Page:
Dell Postpones Buyout Meeting as More Votes Needed
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Dell Inc. postponed a shareholder vote on its CEO's $24.4 billion buyout offer to Wednesday after failing to get enough support to seal the deal, despite winning over several large investors at the eleventh hour.
The adjournment of the meeting, called minutes after shareholders gathered on the outskirts of Austin to decide on what could be the largest buyout since the financial crisis, buys time for co-founder and Chief Executive Officer Michael Dell to persuade naysayers to switch sides.
Complicating matters, billionaire investor Carl Icahn, who has amassed an 8.7 percent stake in Dell, is leading a charge with major shareholder Southeastern Asset Management against the buyout with an offer of his own. He and others say Michael Dell's deal undervalues the world's No. 3 personal computer maker.
Investors are divided over Dell's prospects. Some are ready to cash out of a company increasingly vulnerable to a crumbling PC market and already a shadow of an earlier self that led the global market and stood as a model of industry innovation.
Others remain convinced the company founded out of Michael Dell's dorm room in 1984 can transform itself into a dominant provider of business computing services - under his leadership or otherwise.
In the week leading up to Thursday's meeting, Icahn's team and Dell's special board committee - which supports the CEO's proffered deal - have flooded shareholders with letters and documents to argue their respective positions.
Vanguard and BlackRock Inc. are now on board with the proposal, sources familiar with the matter told Reuters on Thursday.
Some investors say Michael Dell may have to raise his $13.65-a-share offer to secure the deal, but sources say he and Silver Lake remain reluctant to do so for a company that traded at about $10 before news of the buyout surfaced.
Dell shares climbed 2.4 percent to $13.19 in morning trading.
It is unusual for corporations to adjourn shareholder meetings on such short notice, but governance experts say it can be done if the company bylaws allow it.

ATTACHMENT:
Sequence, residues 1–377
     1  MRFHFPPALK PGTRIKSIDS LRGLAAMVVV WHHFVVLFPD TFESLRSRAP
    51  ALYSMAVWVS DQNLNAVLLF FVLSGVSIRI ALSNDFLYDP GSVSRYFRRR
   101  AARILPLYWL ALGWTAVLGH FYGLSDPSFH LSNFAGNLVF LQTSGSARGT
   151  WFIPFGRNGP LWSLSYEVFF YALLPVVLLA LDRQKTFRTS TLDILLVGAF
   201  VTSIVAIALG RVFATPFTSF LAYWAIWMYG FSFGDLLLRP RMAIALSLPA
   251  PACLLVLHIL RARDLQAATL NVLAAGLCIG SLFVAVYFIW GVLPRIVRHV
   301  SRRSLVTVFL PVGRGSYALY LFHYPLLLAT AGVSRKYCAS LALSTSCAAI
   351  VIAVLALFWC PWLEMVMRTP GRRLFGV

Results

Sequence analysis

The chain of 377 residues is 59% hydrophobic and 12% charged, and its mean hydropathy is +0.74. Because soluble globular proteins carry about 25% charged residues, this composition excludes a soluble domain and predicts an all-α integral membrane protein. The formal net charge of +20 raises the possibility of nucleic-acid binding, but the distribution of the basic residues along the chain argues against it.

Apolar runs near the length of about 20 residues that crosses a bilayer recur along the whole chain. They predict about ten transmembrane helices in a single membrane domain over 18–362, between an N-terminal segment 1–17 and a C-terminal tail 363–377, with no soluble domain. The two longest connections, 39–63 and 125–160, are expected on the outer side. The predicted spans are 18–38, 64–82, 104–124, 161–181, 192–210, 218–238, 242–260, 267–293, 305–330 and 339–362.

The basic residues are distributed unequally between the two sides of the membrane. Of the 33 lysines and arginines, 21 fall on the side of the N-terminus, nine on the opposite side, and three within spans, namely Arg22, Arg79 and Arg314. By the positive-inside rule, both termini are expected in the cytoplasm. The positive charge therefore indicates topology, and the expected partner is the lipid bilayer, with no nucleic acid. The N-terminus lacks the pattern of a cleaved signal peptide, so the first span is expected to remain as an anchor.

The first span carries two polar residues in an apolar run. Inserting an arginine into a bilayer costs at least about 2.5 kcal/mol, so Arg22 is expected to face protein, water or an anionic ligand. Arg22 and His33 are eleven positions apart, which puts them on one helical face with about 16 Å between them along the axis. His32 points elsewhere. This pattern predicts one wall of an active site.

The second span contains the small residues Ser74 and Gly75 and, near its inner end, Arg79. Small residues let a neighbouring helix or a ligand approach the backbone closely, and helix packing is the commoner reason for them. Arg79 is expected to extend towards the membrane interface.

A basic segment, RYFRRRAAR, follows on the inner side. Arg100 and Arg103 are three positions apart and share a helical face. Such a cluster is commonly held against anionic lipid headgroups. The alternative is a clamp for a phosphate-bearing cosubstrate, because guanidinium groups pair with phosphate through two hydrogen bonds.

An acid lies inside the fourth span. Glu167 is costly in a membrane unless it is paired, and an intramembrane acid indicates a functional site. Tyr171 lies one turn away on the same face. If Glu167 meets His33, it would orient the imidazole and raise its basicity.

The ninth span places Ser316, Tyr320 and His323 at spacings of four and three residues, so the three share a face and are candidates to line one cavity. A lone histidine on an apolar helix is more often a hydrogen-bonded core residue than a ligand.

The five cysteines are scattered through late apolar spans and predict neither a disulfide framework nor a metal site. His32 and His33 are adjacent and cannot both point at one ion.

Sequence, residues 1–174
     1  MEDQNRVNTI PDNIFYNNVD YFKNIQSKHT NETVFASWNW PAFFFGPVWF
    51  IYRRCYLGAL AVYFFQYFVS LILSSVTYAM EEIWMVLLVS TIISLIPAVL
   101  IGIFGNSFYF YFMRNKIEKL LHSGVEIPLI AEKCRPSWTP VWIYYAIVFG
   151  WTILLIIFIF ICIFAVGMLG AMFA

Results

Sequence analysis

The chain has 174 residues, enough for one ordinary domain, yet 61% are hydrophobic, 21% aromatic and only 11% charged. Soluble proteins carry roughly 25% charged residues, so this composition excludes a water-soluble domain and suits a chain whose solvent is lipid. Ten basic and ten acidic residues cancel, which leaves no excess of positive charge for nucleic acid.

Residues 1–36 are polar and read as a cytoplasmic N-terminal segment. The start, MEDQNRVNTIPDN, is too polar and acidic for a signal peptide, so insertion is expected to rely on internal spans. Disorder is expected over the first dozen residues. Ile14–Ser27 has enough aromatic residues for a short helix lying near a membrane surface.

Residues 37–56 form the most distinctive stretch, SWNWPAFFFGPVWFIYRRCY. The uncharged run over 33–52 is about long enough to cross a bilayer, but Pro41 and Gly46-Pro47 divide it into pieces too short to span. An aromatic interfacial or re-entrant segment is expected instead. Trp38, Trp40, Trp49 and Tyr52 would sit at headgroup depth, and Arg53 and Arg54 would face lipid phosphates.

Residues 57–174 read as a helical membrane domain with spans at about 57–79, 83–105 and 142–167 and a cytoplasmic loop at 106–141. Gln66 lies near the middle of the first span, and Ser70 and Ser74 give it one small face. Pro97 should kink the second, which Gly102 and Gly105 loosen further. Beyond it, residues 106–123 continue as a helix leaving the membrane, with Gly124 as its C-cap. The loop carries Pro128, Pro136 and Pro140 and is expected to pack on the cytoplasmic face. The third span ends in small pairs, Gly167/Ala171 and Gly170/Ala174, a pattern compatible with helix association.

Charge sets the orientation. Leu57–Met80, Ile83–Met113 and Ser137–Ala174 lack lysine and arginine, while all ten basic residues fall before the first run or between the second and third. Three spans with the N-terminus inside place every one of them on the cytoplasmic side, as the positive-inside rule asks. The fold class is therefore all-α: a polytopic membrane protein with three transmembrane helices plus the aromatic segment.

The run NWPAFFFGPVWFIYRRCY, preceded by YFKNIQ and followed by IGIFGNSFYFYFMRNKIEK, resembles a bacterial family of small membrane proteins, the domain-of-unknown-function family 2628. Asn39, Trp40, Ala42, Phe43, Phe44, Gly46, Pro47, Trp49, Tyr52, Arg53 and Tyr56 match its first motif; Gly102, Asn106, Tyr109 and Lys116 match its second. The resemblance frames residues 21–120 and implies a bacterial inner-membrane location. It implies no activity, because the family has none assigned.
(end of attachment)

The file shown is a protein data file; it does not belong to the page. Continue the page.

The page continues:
Over the next week, the board will encourage the apparently large number of shareholders that had not cast votes to support the deal, said mergers expert Brian Quinn, an associate professor at Boston College Law School.
"To encourage these votes to come out, they will likely also try to re-engage Silver Lake to seek out a higher price," he added.
On Thursday, Icahn was quick to respond to what he called an "unfortunate" adjournment.
"This delay reflects the unhappiness of Dell stockholders with the Michael Dell-Silver Lake offer, which we believe substantially undervalues the company," he said in a statement issued with Southeastern.
"This is not the time for delay but the time to move Dell forward."
Vanguard and BlackRock had previously opposed the deal, but ultimately switched sides, a source said, requesting anonymity because the matter is not public.
Other investors previously seen as swing votes, such as State Street Corp., Bank of New York Mellon Corp. and Invesco also voted in favor of the deal on the eve of the shareholders' meeting, the source said.
T. Rowe Price Group Inc., Highfields Capital Management, Pzena Investment Management and Yacktman Asset Management have previously voiced opposition to the deal.
Vanguard declined to comment. Representatives of the investment firms were not immediately available for comment.
Board member Alex Mandl, chairman of the special committee overseeing the buyout, set the new meeting date for Wednesday.
Under so-called majority-of-the-minority voting provisions, a majority of Dell shareholders excluding Michael Dell's roughly 16 percent stake would have to vote for the buyout for it go through.
Shareholder Ed Benson from San Antonio had expected the meeting to be adjourned.
"It's very hard to acquire that many votes," said Benson, who supports the buyout proposal.